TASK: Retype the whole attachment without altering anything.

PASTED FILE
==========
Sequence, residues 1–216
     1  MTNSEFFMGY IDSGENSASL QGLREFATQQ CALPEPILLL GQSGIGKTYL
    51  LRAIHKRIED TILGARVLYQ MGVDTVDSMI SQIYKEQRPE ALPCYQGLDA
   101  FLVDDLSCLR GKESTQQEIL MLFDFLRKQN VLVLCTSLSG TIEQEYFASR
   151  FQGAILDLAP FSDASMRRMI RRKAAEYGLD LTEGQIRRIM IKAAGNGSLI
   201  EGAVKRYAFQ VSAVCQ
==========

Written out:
Sequence, residues 1–216
     1  MTNSEFFMGY IDSGENSASL QGLREFATQQ CALPEPILLL GQSGIGKTYL
    51  LRAIHKRIED TILGARVLYQ MGVDTVDSMI SQIYKEQRPE ALPCYQGLDA
   101  FLVDDLSCLR GKESTQQEIL MLFDFLRKQN VLVLCTSLSG TIEQEYFASR
   151  FQGAILDLAP FSDASMRRMI RRKAAEYGLD LTEGQIRRIM IKAAGNGSLI
   201  EGAVKRYAFQ VSAVCQ